Will’s father, Perry F. Covington, purchased two tracts of pineland totaling 195 acres east of Headland in 1897.  Next, he purchased 3.5 acres running from Cleveland Street thru to Depot Street (now South Main St.) in Headland from Pocahontas (Pokie) Long Granberry and husband R.C. Granberry.  Pokie was a niece of S.E. Alabama’s U.S. Congressman W.C. Oates from Abbeville, and she was kindred of Dr. W.S. Oates who had sold the lot to the Granberrys in 1887.   P.F. Covington persuaded his eldest son, Will, to move from Dale County to Headland in 1899 to clear his pineland for cultivation.   Will organized the “Old Fraternal Union of American Lodge” in Headland in 1899 and sold insurance for the lodge.   During this time, Will Covington served as the first rural mail carrier at Headland; he carried mail for route #4 for five years delivering the mail by bicycle and later by motorcycle.  He was also employed by the International Harvester Company selling windmills and farm machinery.  Will became editor of the Headland Post newspaper for a number of years.  In 1909, Will tried to persuade the U.S Department of Agriculture to establish an agricultural experiment farm at Headland. The department failed to establish the farm; however, the agriculture dept. did agree to supervise all manner of farm experiments and demonstrations on his farm.  By 1911, his farm was a veritable experiment farm with his many agricultural experiments and ideas.  Will F. Covington registered the 6th and the 19th automobiles to be registered in Henry County from 1909 to 1911. He first resided on Headland’s West Church Street; that home later became the S.R. Vann, Sr. home and it still stands.  Will next moved to Cleveland Street on the plot where his father lived until his death in 1904.  This beautiful W.F. Covington home was almost destroyed in the 1912 deadly tornado.  Mr. Gary L. Smith and wife Pat remodeled this home in 1993.  This W.F. Covington home also still stands.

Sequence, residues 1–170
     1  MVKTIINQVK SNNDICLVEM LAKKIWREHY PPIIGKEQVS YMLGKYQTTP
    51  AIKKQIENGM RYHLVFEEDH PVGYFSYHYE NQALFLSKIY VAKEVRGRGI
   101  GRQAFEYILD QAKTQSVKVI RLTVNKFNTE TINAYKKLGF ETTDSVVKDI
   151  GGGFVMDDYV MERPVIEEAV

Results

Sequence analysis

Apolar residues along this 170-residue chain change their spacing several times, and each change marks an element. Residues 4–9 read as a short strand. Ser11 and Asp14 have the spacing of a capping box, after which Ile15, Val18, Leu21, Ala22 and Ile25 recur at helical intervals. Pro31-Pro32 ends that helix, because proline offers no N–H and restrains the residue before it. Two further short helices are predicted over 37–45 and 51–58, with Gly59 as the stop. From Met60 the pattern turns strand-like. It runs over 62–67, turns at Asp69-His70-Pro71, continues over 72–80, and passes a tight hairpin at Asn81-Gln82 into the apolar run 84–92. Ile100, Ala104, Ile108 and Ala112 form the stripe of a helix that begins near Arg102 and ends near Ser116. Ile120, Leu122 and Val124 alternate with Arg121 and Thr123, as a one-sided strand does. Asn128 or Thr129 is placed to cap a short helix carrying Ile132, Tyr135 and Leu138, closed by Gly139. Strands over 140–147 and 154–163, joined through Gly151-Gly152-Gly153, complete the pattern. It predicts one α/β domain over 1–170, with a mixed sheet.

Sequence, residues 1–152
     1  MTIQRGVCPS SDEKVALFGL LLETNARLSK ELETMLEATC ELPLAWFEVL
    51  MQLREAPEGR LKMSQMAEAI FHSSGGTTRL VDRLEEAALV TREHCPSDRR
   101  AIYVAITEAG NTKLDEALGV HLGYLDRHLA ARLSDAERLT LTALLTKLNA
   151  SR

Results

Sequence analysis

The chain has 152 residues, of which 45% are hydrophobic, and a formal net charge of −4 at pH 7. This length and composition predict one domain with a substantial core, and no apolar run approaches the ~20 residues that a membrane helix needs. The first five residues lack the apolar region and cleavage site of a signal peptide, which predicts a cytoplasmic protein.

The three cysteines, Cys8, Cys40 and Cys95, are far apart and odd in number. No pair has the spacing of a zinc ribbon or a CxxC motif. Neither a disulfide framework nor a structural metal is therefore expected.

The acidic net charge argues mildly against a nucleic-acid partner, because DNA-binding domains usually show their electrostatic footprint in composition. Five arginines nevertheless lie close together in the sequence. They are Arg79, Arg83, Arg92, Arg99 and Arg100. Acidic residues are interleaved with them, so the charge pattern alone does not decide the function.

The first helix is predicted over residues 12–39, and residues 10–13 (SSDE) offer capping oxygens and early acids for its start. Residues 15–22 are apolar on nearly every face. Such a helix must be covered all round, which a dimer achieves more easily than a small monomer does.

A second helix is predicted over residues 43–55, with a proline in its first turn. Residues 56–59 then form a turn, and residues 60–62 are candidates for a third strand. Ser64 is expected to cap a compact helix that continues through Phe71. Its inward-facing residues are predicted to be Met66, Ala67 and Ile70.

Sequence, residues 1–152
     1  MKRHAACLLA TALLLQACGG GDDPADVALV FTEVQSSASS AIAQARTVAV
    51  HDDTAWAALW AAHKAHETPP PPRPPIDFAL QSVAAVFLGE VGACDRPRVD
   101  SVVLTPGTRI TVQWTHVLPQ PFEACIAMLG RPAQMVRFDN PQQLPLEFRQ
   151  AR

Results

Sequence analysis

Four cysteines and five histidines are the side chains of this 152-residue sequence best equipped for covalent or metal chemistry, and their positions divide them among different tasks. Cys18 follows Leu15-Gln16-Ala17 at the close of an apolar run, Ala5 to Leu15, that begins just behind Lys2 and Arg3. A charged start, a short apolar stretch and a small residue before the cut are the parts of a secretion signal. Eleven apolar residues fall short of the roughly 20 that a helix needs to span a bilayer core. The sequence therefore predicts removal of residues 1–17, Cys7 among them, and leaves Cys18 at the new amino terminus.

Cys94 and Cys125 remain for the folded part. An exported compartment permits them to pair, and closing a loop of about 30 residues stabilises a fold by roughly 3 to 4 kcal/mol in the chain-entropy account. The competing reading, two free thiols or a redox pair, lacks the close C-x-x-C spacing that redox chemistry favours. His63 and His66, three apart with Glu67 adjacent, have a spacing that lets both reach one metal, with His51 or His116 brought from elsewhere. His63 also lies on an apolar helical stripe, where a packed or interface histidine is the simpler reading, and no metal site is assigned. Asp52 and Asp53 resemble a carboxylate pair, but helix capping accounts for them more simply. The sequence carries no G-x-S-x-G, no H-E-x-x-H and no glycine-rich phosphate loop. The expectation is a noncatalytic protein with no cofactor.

By 1910, Will had become dissatisfied with mule drawn cotton planters in use at that time.  He conceived an idea of planting cottonseed in hills various distances apart, so he began trying to develop such a planter.  He was named V.P. of the Henry County Fair Association in 1911; he was also V.P. of the Southeast Alabama Farmers Institute Society.  By 1911, Will had perfected his invention of a new type of cottonseed planter, and was selling to local farmers on a trial basis.  On April 15, 1911, W.F. Covington, Sr., was commissioned by the Alabama State Board of Agriculture and the U.S. Department of Agriculture to act as the very first Henry County Agricultural Farm Agent, as so requested by officials at API (now Auburn University).  His farm agent office was located in Headland.  The following year in 1912, the Alabama Extension Service was created, and Will Covington stepped aside, for Frank Murphy of Henry County to become the second man to be county agent; however, Frank Murphy was the first Henry County farm agent employed by the Alabama Farm Extension Service.